So I found myself at a clergy ‘Quiet afternoon’ yesterday, needing to be still, having to be quiet in the midst of the busiest week of the year.  I felt like a sailor trying to steer a ship in the middle of a storm and being asked to let go of the ropes (for a while) and sit down and do nothing.  ‘Preposterous’ my ego was telling me, ‘how could you do nothing at a time like this?’  It was very difficult at first to even sit still and my mind was swilrling with the maelstrom of all that still needs to be done, but slowly, gradually I averted my gaze away from the hectic busyness and focused for a brief but golden moment on what really matters and what it is all about.  Jesus.

This morning I remembered a song by Andy Park.  Perhaps I should listen to it more :-)

In the secret, in the quiet place
In the stillness You are there
In the secret, in the quiet hour I wait only for You
’Cause I want to know You more

I want to know You
I want to hear Your voice
I want to know You more
I want to touch You
I want to see Your face
I want to know You more

I am reaching for the highest goal
That I might receive the prize
Pressing ownward, pushing every hindrance aside, out of my way
’Cause I want to know You more

April 4, 2010

Something about that foot

Detail from Stained Glass in the Church of the Ascension, Timoleague, Co. Cork
Nikon D70s, f4, 1/30 sec, ISO 200, 75mm equivalent

There’s something about that foot.  It was one of my first Sundays in Timoleague when I saw it.  The image seemed to jump out at me.  I even remember waking in the early hours of one morning with this image burning in my mind.  It’s the wound of course.  It is compelling, it says so much, it is so deep so clinically cut, so painful looking.  This is the bit that get’s me – it is my fault.  It is my fault that Christ had to be given those horrible wounds, more than that, that He willingly allowed those wounds in order to take the punishment that I deserve.  Such incredible love and amazing grace, what a Sacrifice, what a Saviour.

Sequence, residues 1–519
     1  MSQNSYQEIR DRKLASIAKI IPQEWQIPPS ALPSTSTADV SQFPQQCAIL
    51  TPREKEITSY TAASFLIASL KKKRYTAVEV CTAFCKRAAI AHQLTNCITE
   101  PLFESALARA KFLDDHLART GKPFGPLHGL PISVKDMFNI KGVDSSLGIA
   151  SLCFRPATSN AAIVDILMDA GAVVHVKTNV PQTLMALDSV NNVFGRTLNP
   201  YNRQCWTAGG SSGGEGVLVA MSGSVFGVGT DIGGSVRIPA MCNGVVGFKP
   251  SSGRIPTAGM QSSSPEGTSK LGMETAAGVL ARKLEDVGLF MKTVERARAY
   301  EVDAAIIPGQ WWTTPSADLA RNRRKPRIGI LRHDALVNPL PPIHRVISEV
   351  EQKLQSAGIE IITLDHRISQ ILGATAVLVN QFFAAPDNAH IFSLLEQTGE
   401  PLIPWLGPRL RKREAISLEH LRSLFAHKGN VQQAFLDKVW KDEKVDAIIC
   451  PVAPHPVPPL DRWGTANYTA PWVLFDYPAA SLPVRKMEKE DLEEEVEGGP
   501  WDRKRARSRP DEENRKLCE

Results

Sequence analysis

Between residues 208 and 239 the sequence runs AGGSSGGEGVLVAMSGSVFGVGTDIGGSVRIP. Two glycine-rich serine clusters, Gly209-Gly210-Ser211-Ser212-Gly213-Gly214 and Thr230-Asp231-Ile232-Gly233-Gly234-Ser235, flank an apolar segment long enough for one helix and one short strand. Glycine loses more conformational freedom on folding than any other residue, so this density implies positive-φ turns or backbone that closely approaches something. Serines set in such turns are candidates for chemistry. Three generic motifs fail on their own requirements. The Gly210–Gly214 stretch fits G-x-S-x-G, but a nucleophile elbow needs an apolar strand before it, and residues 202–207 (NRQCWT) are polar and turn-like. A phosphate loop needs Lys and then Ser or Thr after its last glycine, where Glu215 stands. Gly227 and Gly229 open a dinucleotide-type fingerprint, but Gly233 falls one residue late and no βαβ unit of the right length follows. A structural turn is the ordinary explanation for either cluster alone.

Happy Easter.
March 30, 2010

Road behind and ahead

Nikon D70s, f25, 1 sec, ISO 200, 60mm equivalent
Holy Week is perhaps the busiest of the year.  There are lots of visits to be made to those in Nursing Homes and the Hospital and numerous housebound parishioners, most of which (I think) appreciate a visit in the days before Easter.  It is interesting how the run-up to Easter is done slightly differently in each parish.  I’m not the sort of person to say “We’ll do it my way”, I like to learn what has happened before and try to build on that (at least that’s in theory).  
I think back over the past five months since our arrival and I have learnt so much just simply by observing how things are done and have been done here.  My predecessor was (and is) a very gifted person and also a very thoughtful one.  He has left me really helpful notes on what was done before so now for example I can look at the Holy Week services from last year and not copy them but use them as a basis for this year also.  Over time things will change as we all learn and grow together on the Journey…  
For any that are interested in the photo, it was taken as I was driving (slowly and carefully) along the road past Kilmalooda church.  I had previously set up the camera the way I wanted it – an exposure of one second to give the blur and sense of movement and a polarising filter to enable the longer shutter speed.  Of course the result may look like a mistake but it is something akin to the image I had in my mind beforehand – like an impressionist painting.  
April 12, 2009

He is risen.

Sunrise, Co. Waterford 2005
Olympus C310, f3.8, 1/160 sec, ISO 50, 10mm

Alleluia! Christ is risen
He is risen indeed. Alleluia!